Philipp Scheidemann

Philipp Heinrich Scheidemann (26 July 1865 – 29 November 1939) was a German politician of the Social Democratic Party of Germany (SPD). On 9 November 1918, in the midst of the German Revolution of 1918–19, he proclaimed Germany a republic. Later, beginning in the early part of the following year, he became the second head of government of the Weimar Republic, acting in this post for 127 days.

Philipp Scheidemann
Bundesarchiv Bild 146-1979-122-29A, Philipp Scheidemann.jpg
Chancellor of Germany
In office
13 February 1919 – 20 June 1919
PresidentFriedrich Ebert
DeputyEugen Schiffer
Bernhard Dernburg
Preceded byFriedrich Ebert
Succeeded byGustav Bauer
Co-Chairman of the Council of the People's Deputies
In office
29 December 1918 – 11 February 1919
ChancellorFriedrich Ebert
Preceded byHugo Haase
Member of the Council of the People's Deputies responsible for Finance
In office
10 November 1918 – 11 February 1919
ChancellorFriedrich Ebert
Minister for the Colonies
In office
13 December 1918 – 13 February 1919
ChancellorFriedrich Ebert
Preceded byWilhelm Solf
Succeeded byJohannes Bell
State Secretary without portfolio
In office
4 October 1918 – 9 November 1918
ChancellorPrince Maximilian of Baden
Mayor of Kassel
In office
19 November 1919 – 1 October 1925
Preceded byErich Koch-Weser
Succeeded byHerbert Stadler
Personal details
Philipp Heinrich Scheidemann

26 July 1865
Kassel, Electorate of Hesse
Died29 November 1939 (aged 74)
Copenhagen, Denmark
Political partySocial Democratic Party (1883–1939)
Spouse(s)Johanna Dibbern

Early lifeEdit

Philipp Scheidemann was born in Kassel on 26 July 1865, the son of Friedrich Scheidemann (1842–79) an upholsterer, and his wife Wilhelmine (née Pape; 1842–1907). He had two sisters.[1]

Scheidemann attended elementary and secondary schools between 1871 and 1879. After the death of his father, the family fell into poverty. In 1879–83, Scheidemann was apprenticed as a printer.[1][2]

In 1883, he joined the Social Democratic Party of Germany (the SPD) and became a union member (Buchdruckerverband). At the time, the German Anti-Socialist Laws were still in force and the SPD was essentially an underground organisation.[1] Until 1895, Scheidemann worked as a printer and proofreader.[2] Scheidemann married in 1889 at Kassel. His wife was Johanna (Hanne) Dibbern (1864–1926). They had three daughters: Lina (1889–1933), Liese (1891–1955) and Hedwig (1893–1935).[1] From 1895 to 1903, he worked as an editor at social democratic newspapers at Gießen (Mitteldeutsche Sonntagszeitung), Nuremberg, Offenbach and Kassel.[1][2]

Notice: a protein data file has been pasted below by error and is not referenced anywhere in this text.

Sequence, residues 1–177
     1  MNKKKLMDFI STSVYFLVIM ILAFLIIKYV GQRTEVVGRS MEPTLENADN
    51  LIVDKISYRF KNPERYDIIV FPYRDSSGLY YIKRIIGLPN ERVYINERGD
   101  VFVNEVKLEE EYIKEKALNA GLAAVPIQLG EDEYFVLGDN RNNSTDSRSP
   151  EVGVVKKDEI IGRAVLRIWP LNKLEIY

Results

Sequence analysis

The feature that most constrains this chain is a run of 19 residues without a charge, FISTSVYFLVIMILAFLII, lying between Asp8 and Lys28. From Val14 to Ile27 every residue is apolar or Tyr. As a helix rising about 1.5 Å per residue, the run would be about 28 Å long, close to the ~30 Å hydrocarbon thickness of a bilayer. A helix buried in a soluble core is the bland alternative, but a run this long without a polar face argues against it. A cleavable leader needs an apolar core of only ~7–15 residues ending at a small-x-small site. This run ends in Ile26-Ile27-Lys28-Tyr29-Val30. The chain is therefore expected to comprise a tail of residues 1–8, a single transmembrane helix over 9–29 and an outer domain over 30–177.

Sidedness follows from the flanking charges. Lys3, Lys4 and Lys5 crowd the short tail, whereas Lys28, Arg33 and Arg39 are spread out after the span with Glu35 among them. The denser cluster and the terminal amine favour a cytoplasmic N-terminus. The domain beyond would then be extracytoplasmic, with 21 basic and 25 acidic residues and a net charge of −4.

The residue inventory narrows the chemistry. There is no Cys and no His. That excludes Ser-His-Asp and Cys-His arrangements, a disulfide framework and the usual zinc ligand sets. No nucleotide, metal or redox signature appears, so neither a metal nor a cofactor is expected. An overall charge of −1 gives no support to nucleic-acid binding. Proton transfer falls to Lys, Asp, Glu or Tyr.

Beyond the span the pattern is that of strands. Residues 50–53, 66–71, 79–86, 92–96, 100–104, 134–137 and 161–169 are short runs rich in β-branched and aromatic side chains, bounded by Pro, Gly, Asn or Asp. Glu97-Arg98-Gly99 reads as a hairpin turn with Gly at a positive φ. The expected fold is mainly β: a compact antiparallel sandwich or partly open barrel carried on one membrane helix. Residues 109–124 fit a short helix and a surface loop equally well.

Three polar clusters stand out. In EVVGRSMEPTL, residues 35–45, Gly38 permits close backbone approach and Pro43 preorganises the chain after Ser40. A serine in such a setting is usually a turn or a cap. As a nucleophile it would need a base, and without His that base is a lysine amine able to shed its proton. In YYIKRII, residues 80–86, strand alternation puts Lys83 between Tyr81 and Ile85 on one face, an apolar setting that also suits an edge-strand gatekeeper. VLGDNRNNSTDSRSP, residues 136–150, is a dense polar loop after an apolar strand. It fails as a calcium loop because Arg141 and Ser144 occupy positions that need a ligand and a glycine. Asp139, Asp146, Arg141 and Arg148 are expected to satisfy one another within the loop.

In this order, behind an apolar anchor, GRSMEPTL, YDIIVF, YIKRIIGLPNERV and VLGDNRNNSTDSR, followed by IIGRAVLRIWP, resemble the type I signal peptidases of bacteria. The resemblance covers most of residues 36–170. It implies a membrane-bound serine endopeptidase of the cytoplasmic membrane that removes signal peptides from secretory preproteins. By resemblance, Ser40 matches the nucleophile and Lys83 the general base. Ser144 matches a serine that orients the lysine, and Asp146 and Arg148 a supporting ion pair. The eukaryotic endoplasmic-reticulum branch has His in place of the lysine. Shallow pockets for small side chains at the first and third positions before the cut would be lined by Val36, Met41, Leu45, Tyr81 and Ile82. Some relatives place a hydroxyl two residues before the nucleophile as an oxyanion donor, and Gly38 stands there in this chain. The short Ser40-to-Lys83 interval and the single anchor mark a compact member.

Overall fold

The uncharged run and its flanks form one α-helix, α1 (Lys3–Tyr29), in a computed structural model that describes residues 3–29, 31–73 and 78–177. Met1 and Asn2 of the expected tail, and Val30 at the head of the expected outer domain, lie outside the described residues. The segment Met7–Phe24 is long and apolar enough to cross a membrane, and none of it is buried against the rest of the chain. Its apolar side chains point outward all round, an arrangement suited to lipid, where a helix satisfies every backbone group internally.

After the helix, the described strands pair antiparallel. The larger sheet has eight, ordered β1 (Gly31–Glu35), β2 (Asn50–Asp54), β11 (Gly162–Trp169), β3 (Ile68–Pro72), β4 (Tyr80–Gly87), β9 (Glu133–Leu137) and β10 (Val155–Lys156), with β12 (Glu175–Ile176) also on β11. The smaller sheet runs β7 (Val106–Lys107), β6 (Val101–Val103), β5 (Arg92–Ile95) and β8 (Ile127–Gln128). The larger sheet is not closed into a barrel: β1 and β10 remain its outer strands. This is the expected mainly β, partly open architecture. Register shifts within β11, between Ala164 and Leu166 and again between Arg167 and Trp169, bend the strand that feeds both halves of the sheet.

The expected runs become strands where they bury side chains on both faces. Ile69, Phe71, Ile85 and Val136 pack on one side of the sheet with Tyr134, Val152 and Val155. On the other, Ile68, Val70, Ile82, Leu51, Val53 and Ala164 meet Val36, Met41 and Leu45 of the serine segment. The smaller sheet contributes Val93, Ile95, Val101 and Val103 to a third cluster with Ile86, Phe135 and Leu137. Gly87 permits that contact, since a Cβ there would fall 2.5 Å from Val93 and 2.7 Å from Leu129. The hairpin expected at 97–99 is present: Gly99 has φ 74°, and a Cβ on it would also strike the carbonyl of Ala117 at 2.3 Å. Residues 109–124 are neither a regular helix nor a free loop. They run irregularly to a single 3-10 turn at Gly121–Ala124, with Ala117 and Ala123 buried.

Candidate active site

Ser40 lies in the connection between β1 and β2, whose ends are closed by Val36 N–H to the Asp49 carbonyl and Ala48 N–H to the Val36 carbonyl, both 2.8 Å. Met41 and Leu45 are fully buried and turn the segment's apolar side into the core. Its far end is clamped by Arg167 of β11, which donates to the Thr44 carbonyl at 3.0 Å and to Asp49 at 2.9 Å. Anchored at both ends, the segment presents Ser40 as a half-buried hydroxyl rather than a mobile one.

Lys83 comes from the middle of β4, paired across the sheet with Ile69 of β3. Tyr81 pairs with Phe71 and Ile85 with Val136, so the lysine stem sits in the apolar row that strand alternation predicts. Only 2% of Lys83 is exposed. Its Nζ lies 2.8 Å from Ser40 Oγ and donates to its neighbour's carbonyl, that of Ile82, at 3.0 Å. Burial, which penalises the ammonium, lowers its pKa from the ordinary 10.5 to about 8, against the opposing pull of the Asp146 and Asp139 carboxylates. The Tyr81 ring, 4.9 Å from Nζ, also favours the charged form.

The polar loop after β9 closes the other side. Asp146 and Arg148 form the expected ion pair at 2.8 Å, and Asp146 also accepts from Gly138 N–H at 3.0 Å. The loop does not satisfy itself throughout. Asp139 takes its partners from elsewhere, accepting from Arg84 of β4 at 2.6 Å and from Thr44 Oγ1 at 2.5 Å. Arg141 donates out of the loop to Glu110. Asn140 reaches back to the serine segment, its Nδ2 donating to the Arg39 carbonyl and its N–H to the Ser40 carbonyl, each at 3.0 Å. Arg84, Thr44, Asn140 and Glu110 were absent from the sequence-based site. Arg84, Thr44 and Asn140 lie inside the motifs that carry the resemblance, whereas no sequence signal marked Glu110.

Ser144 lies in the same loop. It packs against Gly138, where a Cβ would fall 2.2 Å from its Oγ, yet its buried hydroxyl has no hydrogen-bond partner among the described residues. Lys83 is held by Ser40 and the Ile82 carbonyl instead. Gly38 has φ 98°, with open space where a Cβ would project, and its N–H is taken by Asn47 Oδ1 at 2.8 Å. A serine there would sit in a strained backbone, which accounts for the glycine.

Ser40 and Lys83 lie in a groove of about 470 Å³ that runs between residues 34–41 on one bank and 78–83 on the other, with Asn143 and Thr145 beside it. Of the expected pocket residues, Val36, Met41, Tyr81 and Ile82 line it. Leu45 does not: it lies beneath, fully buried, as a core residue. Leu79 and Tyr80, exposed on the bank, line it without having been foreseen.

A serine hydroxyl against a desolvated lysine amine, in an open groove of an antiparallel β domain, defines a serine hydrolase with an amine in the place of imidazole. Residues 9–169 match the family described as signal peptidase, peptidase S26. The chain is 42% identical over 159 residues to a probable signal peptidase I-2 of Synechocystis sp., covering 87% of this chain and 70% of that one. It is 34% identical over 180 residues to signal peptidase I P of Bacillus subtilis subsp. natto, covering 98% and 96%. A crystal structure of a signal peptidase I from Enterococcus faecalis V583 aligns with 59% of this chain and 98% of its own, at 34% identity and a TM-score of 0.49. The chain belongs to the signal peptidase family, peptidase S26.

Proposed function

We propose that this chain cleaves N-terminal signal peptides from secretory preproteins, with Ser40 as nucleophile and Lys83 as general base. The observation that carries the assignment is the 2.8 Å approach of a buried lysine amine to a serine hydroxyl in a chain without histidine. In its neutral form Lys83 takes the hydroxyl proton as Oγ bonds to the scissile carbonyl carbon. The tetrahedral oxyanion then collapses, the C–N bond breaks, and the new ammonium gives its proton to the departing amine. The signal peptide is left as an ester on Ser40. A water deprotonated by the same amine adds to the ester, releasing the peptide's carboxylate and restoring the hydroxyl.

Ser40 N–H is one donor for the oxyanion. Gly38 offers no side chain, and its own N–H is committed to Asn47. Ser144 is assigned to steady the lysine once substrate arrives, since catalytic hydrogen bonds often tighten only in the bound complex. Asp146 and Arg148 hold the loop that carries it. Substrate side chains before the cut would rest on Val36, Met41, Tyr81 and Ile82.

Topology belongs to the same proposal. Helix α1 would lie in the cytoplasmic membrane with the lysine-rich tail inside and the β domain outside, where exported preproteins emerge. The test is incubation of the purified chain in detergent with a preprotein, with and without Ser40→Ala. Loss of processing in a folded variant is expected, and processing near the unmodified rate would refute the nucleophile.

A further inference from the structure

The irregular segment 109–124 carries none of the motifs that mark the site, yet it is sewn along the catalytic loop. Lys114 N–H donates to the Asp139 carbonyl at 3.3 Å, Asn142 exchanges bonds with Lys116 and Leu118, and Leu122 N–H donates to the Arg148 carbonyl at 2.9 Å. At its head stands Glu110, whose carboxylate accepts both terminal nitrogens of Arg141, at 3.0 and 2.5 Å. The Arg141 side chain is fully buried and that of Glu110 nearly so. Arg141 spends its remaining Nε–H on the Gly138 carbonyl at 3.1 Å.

Political career and World War IEdit

In the German federal election of 1903, Scheidemann was elected from the SPD to the German Reichstag for a constituency in Solingen; he retained this seat until 1918. In 1906, he also became a member of the city council of Kassel, a position he held until 1911, when he became part of the executive committee of the SPD party secretariat.[2]

After the German federal election of 1912, Scheidemann was the first social democrat to become "1st Vice-President" of the Reichstag.[1] When August Bebel, long-time leader of the SPD, died in 1913, Scheidemann and Hugo Haase became joint chairmen of the SPD parliamentary group.[2] His oratory skills, pragmatism, sense of humour and middle-class manners won him appreciation beyond his own party.[1]

Although he voted for the Imperial war loans in 1914 at the start of World War I, Scheidemann later argued for a Verständigungsfrieden (compromise peace) without annexations or reparation demands (it also became known as Scheidemannfrieden). Scheidemann tried to mediate between the moderate and more extreme left of his party, but could not prevent the eventual split. In 1917, the SPD split on the issue of continued funding for the war effort and Scheidemann became chairman of the "Majority" SPD, alongside Friedrich Ebert.[2] In January 1918, during the "January strike," he was a member of the "Executive Council". He joined the new government of Prince Maximilian of Baden in October 1918 as Staatssekretär (literally "Secretary of State", but at the time used for top-level cabinet-rank positions today usually referred to as ministers) without portfolio.[2] This was the first time members of the SPD had served in the Imperial government, although the party had had the largest number of seats in the Reichstag since 1912. Scheidemann was chosen for the position due to his popularity.[1]

German RevolutionEdit

Scheidemann's proclamation on the Reichstag balcony, 9 November 1918

On 9 November 1918, Chancellor Max von Baden unilaterally announced the abdication of the German Emperor Wilhelm II and the renunciation of the hereditary rights to the throne of Crown Prince Wilhelm. However, he and SPD leader Friedrich Ebert both still hoped to retain the monarchy in face of the revolution. Maximilian von Baden preferred a younger son of Wilhelm II to succeed to the throne. Around noon, Friedrich Ebert arrived at the Imperial chancellery and demanded that the authority to govern be handed over to him and the SPD. Maximilian von Baden resigned and unconstitutionally designated Ebert his successor as "Imperial chancellor" and "Minister-President" of Prussia. All of the Secretaries of State, including Scheidemann, remained in office. Ebert issued a proclamation asking the masses on the streets to remain quiet and to go home.[3]: 86–88 

Ebert and Scheidemann then went to the Reichstag building for lunch and sat at separate tables. A huge crowd assembled outside, and there were calls for a speech. Ebert refused to speak to the crowd, but Scheidemann stood up and rushed to a window facing it.[3]: 88–90  According to Scheidemann's own recollection, someone told him along the way that the Spartacist (communist) leader Karl Liebknecht intended to declare Germany a Soviet Republic.[4] Scheidemann then made a spontaneous speech that closed with these words:[4][5]: 7 

The old and rotten, the monarchy has collapsed. The new may live. Long live the German Republic!

When he returned to the Reichstag dining room, a furious Ebert confronted him. Ebert pounded the table with his fist and shouted, "You have no right to proclaim the Republic! What becomes of Germany, a Republic or whatever, that is for the constituent assembly to decide!"[3]: 90